In PTSD, witnessing events that are fearsome and disliked and loud noises cause perverted unison of vision and auditory senses while wrongful actions relating to mind, body and speech like bodily assault, torture, fear, anxiety, harsh talks constitute intellectual blasphemy. This initiates a complex chain of dosha dushti or vitiation of doshas on both shareera (physical) dosha and manodosha (psychological front) which manifests as PTSD.

Ayurveda suggests that a person suffering from stress should carefully consider what is beneficial for him and strive in discarding unwholesome regimen to achieve dharma (virtue), artha (wealth), and kama (desire), as no happiness in this world can transpire without these three elements. Acquiring the knowledge about self, family, time, season, strength, and then conducting oneself accordingly is to be done to eradicate diseases before it becomes full-blown malady.

Ayurveda embraces a more holistic approach in the treatment of PTSD, focussing on various aspects ensuring a customised plan according to individual needs. The genesis of manovikara (afflictions of mind) and its manifestation in each individual is unique and to restore the lost [ clarity of mental channels, Ayurveda embraces a wide array of therapeutic measures which include medicines, Panchakarma, nutrition,Yoga, exercise, and daily routine which improve overall health along with catering the spiritual well-being of the individual.

Ayurvedic Way of Living: Diet, Yoga, and Lifestyle Adaptations

Nutrition plays an important role not only in physical conditions but also in psychological wellness and plays a key role in the proper functioning of our senses. PTSD and other mental health disorders have been linked to unhealthy dietary habits and stress-related eating disorders, which can ultimately impact physical health.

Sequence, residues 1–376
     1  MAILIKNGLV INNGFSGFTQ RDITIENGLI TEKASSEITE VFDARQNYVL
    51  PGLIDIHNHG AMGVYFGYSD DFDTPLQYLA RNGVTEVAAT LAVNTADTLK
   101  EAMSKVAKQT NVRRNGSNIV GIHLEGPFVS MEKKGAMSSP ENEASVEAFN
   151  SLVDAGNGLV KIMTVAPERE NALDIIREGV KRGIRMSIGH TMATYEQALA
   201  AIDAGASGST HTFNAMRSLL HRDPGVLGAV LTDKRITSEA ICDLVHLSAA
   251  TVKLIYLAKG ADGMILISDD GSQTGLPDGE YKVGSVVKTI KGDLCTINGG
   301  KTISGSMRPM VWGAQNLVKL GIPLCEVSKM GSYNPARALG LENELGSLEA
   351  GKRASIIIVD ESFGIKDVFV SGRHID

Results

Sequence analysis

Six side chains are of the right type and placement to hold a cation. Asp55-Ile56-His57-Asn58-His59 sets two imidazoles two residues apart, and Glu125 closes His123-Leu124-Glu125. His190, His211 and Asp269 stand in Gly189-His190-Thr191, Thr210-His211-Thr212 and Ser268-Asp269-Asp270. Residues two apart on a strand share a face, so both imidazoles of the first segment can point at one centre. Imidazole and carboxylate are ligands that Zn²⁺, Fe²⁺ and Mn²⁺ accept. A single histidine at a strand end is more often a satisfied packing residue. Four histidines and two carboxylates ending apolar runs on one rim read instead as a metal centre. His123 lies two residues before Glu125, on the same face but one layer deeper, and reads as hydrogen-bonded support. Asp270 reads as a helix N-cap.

“Manovikaras arising due to fear, grief result in vata pradhana tridosha dushti, the vitiation of tridoshas and Vata especially”

Vata in its balanced state leads to happiness, creativity and positive mental capacities while its imbalance leads to grief, fear, feeling anxious, and inhibits agni or digestive fire. Ayurveda believes that like increases like, and thus diet and lifestyle which calms vata along with proper use of therapies and medicine will result in an improved state of mind. Following a proper dietary, and daily regimen is a pragmatic, cost-effective, and easy way to improve stress levels associated with
PTSD. Developing a proper regimen with adequate time to practice exercise, spiritual practices, rest, will help us in prioritizing ourselves and naturally help in calming our mind, regardless of what happened in the past and what is going on in our lives currently.

Yoga and breathing techniques like Pranayama are getting global recognition in the field of Psychotherapy, and can help in dealing with the unresolved trauma which can manifest as PTSD.

Some lifestyle and dietary modifications which can be followed by people suffering from PTSD:

  • Prefer warm, nourishing, moderately heavy, unctuous food. Include more of sweet, sour, and salty tastes, and avoid bitter, pungent and astringent food.
  • Avoid eating when you are stressed and consume food in a peaceful, calm atmosphere with all your attention only towards food.